Forest Landowner Conference offers ways to boost value of woodlands

The recent North Carolina and Virginia Forest Landowner Conference turned the spotlight on the  growing number of ways landowners can generate income from their property, beyond timber production and sales.

Roanoke Electric Co-op’s Sustainable Forestry and African American Land Retention Project and the Durham-based Black Family Land Trust organized the Oct. 27-28 virtual conference, which focused on programs and best practices aimed at boosting the value of their woodland properties.

In his keynote address, the co-op’s President and CEO Curtis Wynn said he centered his remarks on “diversity, equity and inclusion, because that is so much of what our Sustainable Forestry and Land Retention project is really about.”

He pointed out how the co-op’s forestry initiative has benefited local African American landowners. To date, the project has established a strong track record of success that includes providing more than $600,000 in financial assistance, developing 145 forest management plans, and implementing forestry best practices covering 3,000 acres of land.

The project is one of seven similar programs nationwide that collectively support 1300 families and encompass 90,000 acres. “This is a clear demonstration of the power electric co-ops can bring,” he added.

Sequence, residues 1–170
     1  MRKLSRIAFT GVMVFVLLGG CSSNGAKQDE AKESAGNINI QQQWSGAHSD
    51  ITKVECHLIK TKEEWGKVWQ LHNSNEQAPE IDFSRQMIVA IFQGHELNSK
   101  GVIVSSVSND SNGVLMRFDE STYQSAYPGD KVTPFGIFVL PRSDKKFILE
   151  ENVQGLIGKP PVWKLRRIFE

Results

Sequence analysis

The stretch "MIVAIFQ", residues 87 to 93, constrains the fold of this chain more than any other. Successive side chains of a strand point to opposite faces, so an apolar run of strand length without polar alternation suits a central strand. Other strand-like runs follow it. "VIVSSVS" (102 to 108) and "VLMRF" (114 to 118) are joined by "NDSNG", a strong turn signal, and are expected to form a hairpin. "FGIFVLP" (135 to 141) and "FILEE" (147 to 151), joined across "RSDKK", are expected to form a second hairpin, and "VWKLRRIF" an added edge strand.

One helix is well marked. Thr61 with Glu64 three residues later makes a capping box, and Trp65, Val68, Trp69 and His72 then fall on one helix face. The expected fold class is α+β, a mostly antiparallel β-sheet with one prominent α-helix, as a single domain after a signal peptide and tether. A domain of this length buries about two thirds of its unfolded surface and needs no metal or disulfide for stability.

Wynn issued a call to action to all the conference participants, who joined from as far away as Indiana, Michigan and California. “My call action to you is this. If you are a member of an electric cooperative, take the necessary steps to become engaged and learn as much as you can about the services they offer,” he said. “Get involved.”

Conference participants learned about the increasing variety of opportunities to derive income from their property, including siting solar energy projects, leasing portions of their land for outdoor activities like hunting and camping, and leasing forestland for the value of its carbon sequestration credits.

Presentations also offered information on the technical and financial assistance available from federal and state forestry and natural resource agencies. Likewise, participants learned how they can reduce their tax obligation through mechanisms like the Present Use Valuation property tax program.

The conference was sponsored through a grant from the N.C. Forest Service Stewardship Program. The N.C. State Extension Forestry provided logistical support.

Recordings of the conference sessions can be found here: